Breakfast shouldn’t be on the principals

 

 

“For Superintendent Arlene Ackerman, it’s not enough that the Philadelphia School District offers free breakfast to every single child in every single city school. Now, principals must coax the students into eating it.

 

Under a new district policy, principals will be held accountable for the number of student breakfasts eaten in each school. District officials reason that including breakfast participation in a principal’s performance rating will increase the number of students taking advantage of these free meals.

 

This is an excerpt from my commentary in today’s Philadelphia Inquirer, “Breakfast shouldn’t be on the principals”.  Please click here to read the entire article.  You can respond or provide feedback by clicking on the comment button below.

 

Thanks for reading.

 

–Christopher Paslay

 

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2 Comments

Filed under Holistic Education, Inquirer Articles, Meal Programs, Parental Involvement

2 responses to “Breakfast shouldn’t be on the principals

  1. Before recently retiring, I spent 38 years as a classroom teacher/reading specialist for the Sch. Dist. of Phila., teaching in some of the most impoverished schools in North and West Philadelphia. While I agree on the importance of a student having a nutritious breakfast before school and that having principals held accountable for making sure their students have that federally funded meal, I also believe it is a burden worth bearing. I do not believe that children should be punished for the sins of their parents in abdicating their responsiblity for rearing their own children, with that responsibility now falling to the “state,” in this case our educational system.
    The reason that many schools moved to having all their students wear uniforms was to remove the stigma of poorer children being unable to buy expensive sneakers and clothing, thus setting them up as objects of ridicule for those who could. There is also a stigma attached to eating the school breakfast and lunch because it identifies those children as coming from families that cannot provide those meals for themselves. That is why I’ve always been a proponent of, like all students must wear the uniform, all students must eat the same meals. Having to fill out those forms by giving them to only certain students who then have to return them to school, only increases the chances that those actions will be noticed and increase the chance the child will be further stigmatized. I have personally witnessed this hazing of my poorer students which points out how cruel children can be and how devasting it was for the student being ridiculed.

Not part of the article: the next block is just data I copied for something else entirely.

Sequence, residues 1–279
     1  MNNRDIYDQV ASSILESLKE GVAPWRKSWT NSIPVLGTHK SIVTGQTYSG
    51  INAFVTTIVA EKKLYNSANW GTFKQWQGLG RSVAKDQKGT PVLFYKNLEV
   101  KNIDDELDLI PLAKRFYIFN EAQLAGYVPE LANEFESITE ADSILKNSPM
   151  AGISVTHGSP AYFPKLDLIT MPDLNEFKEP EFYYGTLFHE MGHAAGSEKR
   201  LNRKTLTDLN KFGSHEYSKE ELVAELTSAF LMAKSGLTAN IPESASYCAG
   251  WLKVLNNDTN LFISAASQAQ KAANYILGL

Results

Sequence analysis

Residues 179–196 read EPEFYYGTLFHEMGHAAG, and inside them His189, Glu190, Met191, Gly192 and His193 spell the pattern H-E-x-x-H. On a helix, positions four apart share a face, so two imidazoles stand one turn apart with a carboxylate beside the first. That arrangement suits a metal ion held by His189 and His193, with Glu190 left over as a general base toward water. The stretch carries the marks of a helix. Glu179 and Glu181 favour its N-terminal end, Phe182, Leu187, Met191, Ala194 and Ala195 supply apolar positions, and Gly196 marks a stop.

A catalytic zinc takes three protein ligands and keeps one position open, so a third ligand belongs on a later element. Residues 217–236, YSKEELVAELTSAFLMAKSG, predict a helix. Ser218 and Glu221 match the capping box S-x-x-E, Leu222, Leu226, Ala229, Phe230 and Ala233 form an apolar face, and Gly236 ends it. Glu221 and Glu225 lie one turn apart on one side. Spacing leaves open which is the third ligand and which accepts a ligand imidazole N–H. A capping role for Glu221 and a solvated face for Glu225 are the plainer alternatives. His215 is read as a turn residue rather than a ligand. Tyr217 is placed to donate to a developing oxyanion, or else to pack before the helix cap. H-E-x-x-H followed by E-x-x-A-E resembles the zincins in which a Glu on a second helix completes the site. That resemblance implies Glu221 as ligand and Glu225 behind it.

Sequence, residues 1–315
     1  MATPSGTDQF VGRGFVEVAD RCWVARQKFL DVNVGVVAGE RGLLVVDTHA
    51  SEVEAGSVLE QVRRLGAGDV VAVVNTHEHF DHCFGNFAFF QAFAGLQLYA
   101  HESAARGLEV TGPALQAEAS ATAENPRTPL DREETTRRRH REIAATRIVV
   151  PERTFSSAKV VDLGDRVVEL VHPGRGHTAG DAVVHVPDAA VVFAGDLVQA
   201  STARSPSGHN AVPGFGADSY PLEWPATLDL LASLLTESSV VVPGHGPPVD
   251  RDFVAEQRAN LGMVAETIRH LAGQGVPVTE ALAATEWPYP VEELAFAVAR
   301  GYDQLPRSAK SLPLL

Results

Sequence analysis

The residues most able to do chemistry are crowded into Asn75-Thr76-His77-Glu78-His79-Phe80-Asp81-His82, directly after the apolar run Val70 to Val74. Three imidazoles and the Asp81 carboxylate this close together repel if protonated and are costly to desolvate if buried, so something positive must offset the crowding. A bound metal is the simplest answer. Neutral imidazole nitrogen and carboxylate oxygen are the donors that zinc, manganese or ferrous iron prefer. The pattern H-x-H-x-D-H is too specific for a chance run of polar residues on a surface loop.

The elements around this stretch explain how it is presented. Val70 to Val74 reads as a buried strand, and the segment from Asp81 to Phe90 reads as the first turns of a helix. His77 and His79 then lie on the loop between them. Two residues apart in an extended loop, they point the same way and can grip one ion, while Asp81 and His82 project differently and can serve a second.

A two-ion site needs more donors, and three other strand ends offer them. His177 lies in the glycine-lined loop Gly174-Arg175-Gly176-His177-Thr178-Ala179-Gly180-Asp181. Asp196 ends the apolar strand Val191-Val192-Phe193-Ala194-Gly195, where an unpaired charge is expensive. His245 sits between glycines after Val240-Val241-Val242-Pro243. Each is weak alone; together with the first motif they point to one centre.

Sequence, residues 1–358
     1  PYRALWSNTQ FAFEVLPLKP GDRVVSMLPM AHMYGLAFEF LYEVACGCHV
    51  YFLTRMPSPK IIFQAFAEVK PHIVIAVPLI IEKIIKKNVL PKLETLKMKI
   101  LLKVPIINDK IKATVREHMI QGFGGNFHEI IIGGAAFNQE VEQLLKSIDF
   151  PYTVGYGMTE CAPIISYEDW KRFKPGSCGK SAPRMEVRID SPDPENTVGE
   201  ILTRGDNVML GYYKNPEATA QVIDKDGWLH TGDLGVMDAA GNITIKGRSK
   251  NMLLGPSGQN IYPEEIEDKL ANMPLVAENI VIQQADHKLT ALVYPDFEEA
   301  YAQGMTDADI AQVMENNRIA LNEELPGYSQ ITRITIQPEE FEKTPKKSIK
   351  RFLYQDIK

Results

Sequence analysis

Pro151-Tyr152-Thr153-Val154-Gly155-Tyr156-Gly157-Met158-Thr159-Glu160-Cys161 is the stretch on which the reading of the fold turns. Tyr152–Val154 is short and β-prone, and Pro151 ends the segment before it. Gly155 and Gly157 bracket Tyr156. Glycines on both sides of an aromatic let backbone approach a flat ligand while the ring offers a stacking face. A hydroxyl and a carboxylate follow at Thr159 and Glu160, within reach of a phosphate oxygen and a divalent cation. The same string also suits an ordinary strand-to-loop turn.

While having programs that go out into the community that help parents better navigate the world we live in is commendable. we must always look at the consequences of those actions and how they affect the lives of our students, which is our #1 priority, before before making blanket statements about the worth of certain programs. It is important to always keep in mind we’re dealing with human lives, not some widget on a third world sweat shop assembly line.

  2. Marc O'Donnell

    Dear Professor Paslay:

    Thank you for your excellently written article, “Breakfast Shouldn’t Be on the Principals,” which appeared in the October 13, 2009, issue of The Philadelphia Inquirer.

    Your observations therein are 100% accurate. It is evident to any observant professional working in education or in any other management position that those who are actively involved in pursuit of personal achievements will respond much more aggressively when they have invested time, energy, and currency in goals. In general, those who have nothing risked are most likely to quit or not fully participate. That appears to be human nature.

    I’ve taught extensively since 1973, mainly at the secondary level and in adult education. As recently as last night, one of my adult learners insisted she would complete every scheduled G.E.D. preparation class–in spite of the fact that she would be taking the G.E.D. test today (before the program is actually completed). She stated, “I paid for those classes!” She has a vested interest and insists on getting the full value of her purchase.

    Philadelphia parents must be constantly challenged to participate completely in every aspect of their child’s education: That and the child’s general welfare are their only mandates. As such, it is an outright insult that our parents are precluded from documenting their child’s involvement in such an extraordinary opportunity that provides the most basic nutrition to those eager brains. We must do everything possible to facilitate the protocols of the program’s providers so that this special food-offering will continue, even if authorities feel it appears to be “too daunting.”

    Community activists and other interested people, such as myself, should be enlisted as volunteers to go into those homes where parents would require assistance in completing forms. Additionally, parents who do not show an interest in their children should be visited at their residence or jobs by officials (I’m not sure whom those would be) and “taught” parenting skills–even if they don’t want to. This can be done. Like community policing, we need a major shift in our various communities’ involvement in our children’s safety, welfare, and education.

    Finally, The Philadelphia Public School System must instigate these outreach programs. I’m ignorant of their activities in this area and would be surprised if such mechanisms do not already exist there. However, I am very happy and appreciative that our most precious matter is being provided with the option to get some basic nutrition in the morning in order to fuel their enlarging brains and bodies. They are our future.

    Respectfully,

    Marc O’Donnell
    North Philadelphia U.S.A.

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